To estimate the velocities of the ISGPS stations a standard weighted least squares approach is used to estimate the best line fit to each coordinate component of the data along with the associated errors. We model the observations of the coordinate component y as a linear function of time, yi=ati + b + ei, where yi are the measurements (displacements) made at times ti and ei are the errors, assumed to be normally distributed. The parameter a is the average velocity of the station in each coordinate component. To simplify the following equations we let and introduce the matrix
We estimate the covariance matrix of the parameters a and b as
If we write out the equation for the velocity uncertainty, the square root of the
upper left diagonal in P (equation 8), we obtain
The velocity uncertainty (equation 10) is obtained assuming that the noise in the GPS data is normally distributed and uncorrelated in time. However, the noise characteristics of GPS time series are correlated in time [Langbein et al. (1997)]. [Mao et al. (1999)] find a combination of white noise and flicker noise to be the best model for the noise characteristics. They state that the velocity uncertainty derived from GPS coordinate time series may be underestimated by factors of 5-11 if a pure white noise model is assumed. In this study the velocity uncertainties are estimated as described in equation 10. We expect that the uncertainties may be too small. A more rigorous uncertainty estimate will be carried out in later studies.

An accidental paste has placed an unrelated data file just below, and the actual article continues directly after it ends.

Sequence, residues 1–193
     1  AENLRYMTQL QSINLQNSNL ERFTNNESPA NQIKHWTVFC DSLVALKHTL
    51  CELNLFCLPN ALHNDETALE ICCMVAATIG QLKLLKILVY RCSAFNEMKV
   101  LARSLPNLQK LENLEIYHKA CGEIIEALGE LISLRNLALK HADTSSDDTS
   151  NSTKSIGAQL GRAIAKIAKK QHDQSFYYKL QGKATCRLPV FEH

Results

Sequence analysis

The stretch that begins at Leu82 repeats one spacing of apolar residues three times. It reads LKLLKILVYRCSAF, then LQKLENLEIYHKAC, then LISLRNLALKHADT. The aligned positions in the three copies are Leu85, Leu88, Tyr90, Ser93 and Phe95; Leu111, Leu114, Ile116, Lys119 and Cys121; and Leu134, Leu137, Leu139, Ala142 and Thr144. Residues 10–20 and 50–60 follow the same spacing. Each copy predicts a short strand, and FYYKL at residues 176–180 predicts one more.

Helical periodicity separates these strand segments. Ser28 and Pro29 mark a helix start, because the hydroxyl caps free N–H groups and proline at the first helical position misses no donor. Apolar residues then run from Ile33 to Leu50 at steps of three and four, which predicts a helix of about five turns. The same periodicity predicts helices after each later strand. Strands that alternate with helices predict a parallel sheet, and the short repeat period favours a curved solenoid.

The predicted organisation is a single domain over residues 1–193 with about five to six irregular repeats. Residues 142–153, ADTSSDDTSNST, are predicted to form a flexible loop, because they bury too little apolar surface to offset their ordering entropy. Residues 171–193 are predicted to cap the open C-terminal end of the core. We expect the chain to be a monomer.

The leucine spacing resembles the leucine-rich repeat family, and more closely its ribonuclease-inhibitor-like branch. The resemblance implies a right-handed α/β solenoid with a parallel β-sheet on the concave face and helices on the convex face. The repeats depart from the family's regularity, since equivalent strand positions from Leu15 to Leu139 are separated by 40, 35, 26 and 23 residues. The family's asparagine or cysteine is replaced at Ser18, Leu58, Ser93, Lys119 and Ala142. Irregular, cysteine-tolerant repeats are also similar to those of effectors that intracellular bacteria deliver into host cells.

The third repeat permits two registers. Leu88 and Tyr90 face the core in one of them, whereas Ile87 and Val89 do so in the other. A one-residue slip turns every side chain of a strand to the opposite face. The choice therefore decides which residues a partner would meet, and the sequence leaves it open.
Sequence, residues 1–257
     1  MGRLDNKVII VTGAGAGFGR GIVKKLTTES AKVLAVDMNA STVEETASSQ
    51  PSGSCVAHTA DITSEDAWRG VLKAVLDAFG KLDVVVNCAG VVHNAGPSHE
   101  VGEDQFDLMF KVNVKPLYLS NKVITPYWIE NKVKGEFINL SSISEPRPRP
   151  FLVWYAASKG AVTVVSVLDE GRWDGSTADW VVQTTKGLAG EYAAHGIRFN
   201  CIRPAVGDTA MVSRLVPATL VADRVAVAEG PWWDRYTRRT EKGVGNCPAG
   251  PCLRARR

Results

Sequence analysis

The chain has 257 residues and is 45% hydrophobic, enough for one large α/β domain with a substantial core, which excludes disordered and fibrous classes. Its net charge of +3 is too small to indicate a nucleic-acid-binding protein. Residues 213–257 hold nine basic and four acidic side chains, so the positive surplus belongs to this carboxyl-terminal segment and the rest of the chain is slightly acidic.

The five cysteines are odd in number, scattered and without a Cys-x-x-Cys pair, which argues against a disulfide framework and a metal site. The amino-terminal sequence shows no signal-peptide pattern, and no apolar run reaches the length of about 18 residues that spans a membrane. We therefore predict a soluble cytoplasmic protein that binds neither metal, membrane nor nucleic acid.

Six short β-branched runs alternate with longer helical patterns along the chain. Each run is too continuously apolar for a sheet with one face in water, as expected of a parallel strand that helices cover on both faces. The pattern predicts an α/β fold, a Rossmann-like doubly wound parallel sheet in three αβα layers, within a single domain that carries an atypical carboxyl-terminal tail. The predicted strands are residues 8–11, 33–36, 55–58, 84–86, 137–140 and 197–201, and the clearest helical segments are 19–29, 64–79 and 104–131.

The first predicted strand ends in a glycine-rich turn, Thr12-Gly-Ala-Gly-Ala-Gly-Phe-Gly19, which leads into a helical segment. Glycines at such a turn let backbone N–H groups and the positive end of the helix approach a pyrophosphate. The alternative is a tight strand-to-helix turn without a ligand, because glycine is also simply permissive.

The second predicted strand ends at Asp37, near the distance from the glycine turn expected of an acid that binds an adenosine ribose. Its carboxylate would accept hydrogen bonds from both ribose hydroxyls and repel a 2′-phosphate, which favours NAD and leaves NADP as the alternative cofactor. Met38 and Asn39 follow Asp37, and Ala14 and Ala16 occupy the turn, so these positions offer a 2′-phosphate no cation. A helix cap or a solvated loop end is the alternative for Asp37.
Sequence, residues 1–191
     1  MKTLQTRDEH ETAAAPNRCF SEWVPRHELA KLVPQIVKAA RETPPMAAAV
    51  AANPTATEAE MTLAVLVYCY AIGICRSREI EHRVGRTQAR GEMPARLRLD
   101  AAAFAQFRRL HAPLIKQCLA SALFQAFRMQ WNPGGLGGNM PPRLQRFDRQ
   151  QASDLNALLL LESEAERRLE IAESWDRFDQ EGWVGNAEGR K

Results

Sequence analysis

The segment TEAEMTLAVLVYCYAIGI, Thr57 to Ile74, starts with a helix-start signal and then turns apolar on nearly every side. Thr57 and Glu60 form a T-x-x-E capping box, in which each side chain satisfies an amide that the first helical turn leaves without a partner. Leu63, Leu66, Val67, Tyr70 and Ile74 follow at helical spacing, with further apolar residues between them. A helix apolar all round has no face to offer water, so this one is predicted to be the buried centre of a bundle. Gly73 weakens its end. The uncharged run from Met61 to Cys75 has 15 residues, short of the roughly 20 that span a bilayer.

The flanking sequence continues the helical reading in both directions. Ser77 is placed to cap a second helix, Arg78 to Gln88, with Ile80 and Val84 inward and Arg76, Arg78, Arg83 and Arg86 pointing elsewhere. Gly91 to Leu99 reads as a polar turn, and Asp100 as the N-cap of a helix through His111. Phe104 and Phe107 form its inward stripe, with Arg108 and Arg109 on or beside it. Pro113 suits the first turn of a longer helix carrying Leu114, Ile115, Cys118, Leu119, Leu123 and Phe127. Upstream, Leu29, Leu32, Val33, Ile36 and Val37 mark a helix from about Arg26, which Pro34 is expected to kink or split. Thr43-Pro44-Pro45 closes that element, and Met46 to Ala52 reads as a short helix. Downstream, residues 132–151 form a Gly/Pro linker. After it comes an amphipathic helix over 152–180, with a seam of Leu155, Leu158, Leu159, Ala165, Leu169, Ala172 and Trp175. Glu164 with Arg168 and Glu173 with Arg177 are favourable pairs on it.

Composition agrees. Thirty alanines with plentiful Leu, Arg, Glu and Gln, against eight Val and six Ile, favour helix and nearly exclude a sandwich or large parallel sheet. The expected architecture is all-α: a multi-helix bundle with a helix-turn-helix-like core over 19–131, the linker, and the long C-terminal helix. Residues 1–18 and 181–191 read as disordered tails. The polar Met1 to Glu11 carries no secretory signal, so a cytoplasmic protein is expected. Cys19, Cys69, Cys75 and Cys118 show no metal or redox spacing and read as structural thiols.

Another estimator for the quality of fit is the parameter . The weighted residual sum of squares is
The values of are strongly dependent on which scaling factors are used for the formal coordinate errors. From equations 6 and 12 it is obvious that if the coordinate errors are scaled by a factor s, then scales as 1/s2.